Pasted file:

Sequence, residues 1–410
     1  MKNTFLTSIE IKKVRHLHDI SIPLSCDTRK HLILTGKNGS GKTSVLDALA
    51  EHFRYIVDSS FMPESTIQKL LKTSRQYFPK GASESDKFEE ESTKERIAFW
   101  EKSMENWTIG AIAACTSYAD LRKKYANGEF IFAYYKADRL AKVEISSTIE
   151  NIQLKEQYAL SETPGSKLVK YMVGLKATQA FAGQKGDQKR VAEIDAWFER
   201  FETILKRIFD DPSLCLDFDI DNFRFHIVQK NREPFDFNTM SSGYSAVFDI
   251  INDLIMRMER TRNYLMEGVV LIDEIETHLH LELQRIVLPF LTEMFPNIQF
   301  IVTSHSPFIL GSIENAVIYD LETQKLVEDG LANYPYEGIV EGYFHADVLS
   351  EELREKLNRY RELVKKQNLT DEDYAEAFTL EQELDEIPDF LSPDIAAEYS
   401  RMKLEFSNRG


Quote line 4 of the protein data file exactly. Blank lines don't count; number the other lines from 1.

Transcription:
   101  EKSMENWTIG AIAACTSYAD LRKKYANGEF IFAYYKADRL AKVEISSTIE